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Shane Battier

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By Don Markus and Don Markus,SUN STAFF | December 11, 2001
MEMPHIS, Tenn. - Shane Battier has long had the ability to morph into the kind of player his team needed him to become. As a senior in high school outside Detroit, Battier suddenly showed he could score. As a freshman at Duke, he launched his reputation as a defensive stopper; by his junior year, he was the team's unquestioned leader. So what Battier has done as an NBA rookie for the Memphis Grizzlies shouldn't be that surprising. The Grizzlies, a team that won 23 games during the final season of a six-year stay in Vancouver, needed a lot of everything when they moved here.
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By DAVID STEELE and DAVID STEELE,david.steele@baltsun.com | March 22, 2009
Who will be the Adam Morrison of this version of March Madness? The Joakim Noah? The Sean May, the Emeka Okafor, the J.J. Redick, the Shane Battier ... You get the point. Some player in the NCAA tournament will either elevate himself into the heavens or ride a wave of adulation that was built pre-tournament - and by the time he lands, he will be not only a college legend, but also the talk of the run-up to the NBA draft. Except the landing will come far short of the same level of pro stardom that he enjoyed in college.
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SPORTS
By Don Markus and Don Markus,SUN STAFF | January 26, 2001
DURHAM, N.C. - College basketball is often measured in moments, freeze-frame memories of shots or certain games that help define a player's career. Considering the history at Duke over coach Mike Krzyzewski's first 20 seasons, those snapshots could fill the walls of Cameron Indoor Stadium. There would be sections devoted to Johnny Dawkins and Tommy Amaker, to Danny Ferry and Mark Alarie, to Bobby Hurley and Steve Wojciechowski, and larger sections to Christian Laettner and Grant Hill. But what type of recognition would Shane Battier receive?
SPORTS
By Don Markus and Don Markus,SUN STAFF | December 11, 2001
MEMPHIS, Tenn. - Shane Battier has long had the ability to morph into the kind of player his team needed him to become. As a senior in high school outside Detroit, Battier suddenly showed he could score. As a freshman at Duke, he launched his reputation as a defensive stopper; by his junior year, he was the team's unquestioned leader. So what Battier has done as an NBA rookie for the Memphis Grizzlies shouldn't be that surprising. The Grizzlies, a team that won 23 games during the final season of a six-year stay in Vancouver, needed a lot of everything when they moved here.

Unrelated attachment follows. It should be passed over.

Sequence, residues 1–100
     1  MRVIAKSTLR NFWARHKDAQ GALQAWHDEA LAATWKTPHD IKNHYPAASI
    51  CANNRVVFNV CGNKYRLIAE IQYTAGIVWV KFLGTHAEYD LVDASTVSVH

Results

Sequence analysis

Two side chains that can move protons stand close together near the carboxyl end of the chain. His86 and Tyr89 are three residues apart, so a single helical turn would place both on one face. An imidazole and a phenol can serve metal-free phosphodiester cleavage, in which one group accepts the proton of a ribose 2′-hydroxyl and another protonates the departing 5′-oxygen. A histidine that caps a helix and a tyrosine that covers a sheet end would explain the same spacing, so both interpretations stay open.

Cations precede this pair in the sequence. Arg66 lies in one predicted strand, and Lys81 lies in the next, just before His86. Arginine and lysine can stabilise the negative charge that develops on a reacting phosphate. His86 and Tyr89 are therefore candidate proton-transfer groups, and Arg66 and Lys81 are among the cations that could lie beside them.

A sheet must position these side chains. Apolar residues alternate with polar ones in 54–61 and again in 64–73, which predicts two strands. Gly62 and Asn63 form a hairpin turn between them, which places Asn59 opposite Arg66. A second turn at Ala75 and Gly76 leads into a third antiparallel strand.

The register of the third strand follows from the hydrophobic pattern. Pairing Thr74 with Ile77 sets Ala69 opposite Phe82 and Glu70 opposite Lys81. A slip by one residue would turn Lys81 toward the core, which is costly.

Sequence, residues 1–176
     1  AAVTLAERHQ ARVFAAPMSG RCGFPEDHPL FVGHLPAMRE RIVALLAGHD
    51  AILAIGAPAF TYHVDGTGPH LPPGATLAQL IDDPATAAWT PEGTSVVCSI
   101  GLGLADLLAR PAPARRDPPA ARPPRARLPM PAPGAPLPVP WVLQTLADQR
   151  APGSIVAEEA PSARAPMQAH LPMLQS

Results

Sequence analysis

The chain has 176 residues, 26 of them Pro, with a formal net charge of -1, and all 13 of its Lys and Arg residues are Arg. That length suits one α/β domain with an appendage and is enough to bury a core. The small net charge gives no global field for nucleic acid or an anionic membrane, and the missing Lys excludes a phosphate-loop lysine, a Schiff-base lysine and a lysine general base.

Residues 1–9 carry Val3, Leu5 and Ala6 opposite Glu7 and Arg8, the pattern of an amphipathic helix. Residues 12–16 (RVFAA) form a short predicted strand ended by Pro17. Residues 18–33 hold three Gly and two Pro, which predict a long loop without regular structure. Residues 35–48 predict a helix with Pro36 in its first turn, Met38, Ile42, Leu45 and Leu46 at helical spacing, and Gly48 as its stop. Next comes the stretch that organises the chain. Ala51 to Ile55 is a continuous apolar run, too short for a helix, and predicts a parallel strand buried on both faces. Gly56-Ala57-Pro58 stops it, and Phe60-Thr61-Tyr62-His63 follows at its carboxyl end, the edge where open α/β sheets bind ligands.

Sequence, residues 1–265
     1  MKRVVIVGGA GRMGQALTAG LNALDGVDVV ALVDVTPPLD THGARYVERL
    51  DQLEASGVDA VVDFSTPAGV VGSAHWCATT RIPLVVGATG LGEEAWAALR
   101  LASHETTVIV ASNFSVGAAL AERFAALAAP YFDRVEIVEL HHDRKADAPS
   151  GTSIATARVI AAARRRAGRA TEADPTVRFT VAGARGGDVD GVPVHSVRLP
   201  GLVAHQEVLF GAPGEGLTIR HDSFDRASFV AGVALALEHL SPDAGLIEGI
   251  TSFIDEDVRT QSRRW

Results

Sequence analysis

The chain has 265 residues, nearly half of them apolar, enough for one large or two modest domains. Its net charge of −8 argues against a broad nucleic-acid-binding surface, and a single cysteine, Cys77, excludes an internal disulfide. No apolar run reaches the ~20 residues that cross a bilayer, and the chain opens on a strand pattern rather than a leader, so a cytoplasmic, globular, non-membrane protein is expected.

SPORTS
By Paul McMullen and Paul McMullen,SUN STAFF | April 1, 2001
MINNEAPOLIS - Duke dispatched Maryland last night in part because the Terps' top guns were silenced in the second half. The Blue Devils are in tomorrow night's national championship game because of the reversals done by the scoring leaders of each team. As Duke's Shane Battier and Jason Williams heated up, Juan Dixon and Lonny Baxter cooled down, and Maryland was doomed to a 95-84 defeat. Baxter and Dixon were a combined 1-for-12 from the field in the second half. Baxter, the MVP of the West Regional, missed his four shots, as all three of his points after the break came at the free-throw line.
SPORTS
By Christian Ewell and Christian Ewell,SUN STAFF | April 4, 2001
MINNEAPOLIS - After he'd coached Duke to its third national championship Monday night, Mike Krzyzewski rejected the notion that Shane Battier's departure - and the possibility of Jason Williams leaving early - marked an end of an era for the Blue Devils' program, which had been in two Final Fours in the past three years. "Our program is not an era program," said Krzyzewski, whose team got 18 second-half points from Mike Dunleavy Jr. to beat Arizona, 82-72. "We've been pretty good year after year.
SPORTS
By Gary Lambrecht and Gary Lambrecht,SUN STAFF | November 7, 2001
They rolled to 35 victories and their third national championship with an explosive offense and an intimidating style, winning by more than 20 points a game. They return four starters, will plug in a dynamic player who transferred from another conference and boast the preseason choice for Player of the Year. Yes, the Duke Blue Devils, despite losing the one-two punch of talent and leadership that defined Shane Battier, could be even better this time around. Yes, the Duke Blue Devils could win it all again.
SPORTS
By Sam Borden and Sam Borden,SPECIAL TO THE SUN | February 1, 2001
DURHAM, N.C. - For those Duke students who found occasion to walk along the path between Mirecourt House and York House this past week, there are two distinct reminders of the bonfire that Blue Devils supporters sparked after Saturday's thrilling 98-96 overtime victory over Maryland in College Park. First, the faint odor of charred wood still lingers, a reminder of the remarkable 11th-hour rally that propelled No. 2 Duke (19-1, 7-0 Atlantic Coast Conference) from a 10-point deficit in the final minute of regulation to an improbable win. Second, and most importantly, there is a blackened oval on the ground, where the grass has been burned beyond recognition.
SPORTS
By Mike Preston | April 3, 2001
MINNEAPOLIS - It has to be a rough morning for Maryland basketball fans. By now, you're late for work because you've stayed up to watch the NCAA basketball championship game. And while you're sipping that coffee, you keep switching the TV channel. Everywhere you look, there is a Blue Devil. Click. It's Shane Battier and Jason Williams on ESPN. Click. It's Coach K on Good Morning America. By the end of tonight, Duke will be featured again on ESPN Classic. Probably, the "Road to Glory" with three of the games against Maryland.
SPORTS
By Paul McMullen and Paul McMullen,SUN STAFF | January 8, 2000
DURHAM, N.C. -- Terence Morris can relate to the gunslinger of Old West myth, the man wannabe hotshots measured themselves against. Thursday in Raleigh, N.C. State's Damon Thornton had some monster jams and putbacks to punctuate his matchup against Morris, the Maryland ace who began this season as the most highly regarded power forward in college basketball. A week from today, Georgia Tech's Jason Collier will try to showcase his talents against Morris. First, however, comes a challenge from the ACC rival who most closely duplicates the versatility and potential in Morris' game.